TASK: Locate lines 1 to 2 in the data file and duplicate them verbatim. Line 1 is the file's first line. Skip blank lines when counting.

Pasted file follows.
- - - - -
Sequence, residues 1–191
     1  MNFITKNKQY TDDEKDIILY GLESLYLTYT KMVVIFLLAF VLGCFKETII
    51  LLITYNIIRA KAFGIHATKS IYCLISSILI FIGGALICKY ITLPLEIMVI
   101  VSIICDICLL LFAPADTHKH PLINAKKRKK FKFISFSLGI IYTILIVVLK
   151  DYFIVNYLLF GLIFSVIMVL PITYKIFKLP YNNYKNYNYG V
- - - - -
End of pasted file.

Sequence, residues 1–191
     1  MNFITKNKQY TDDEKDIILY GLESLYLTYT KMVVIFLLAF VLGCFKETII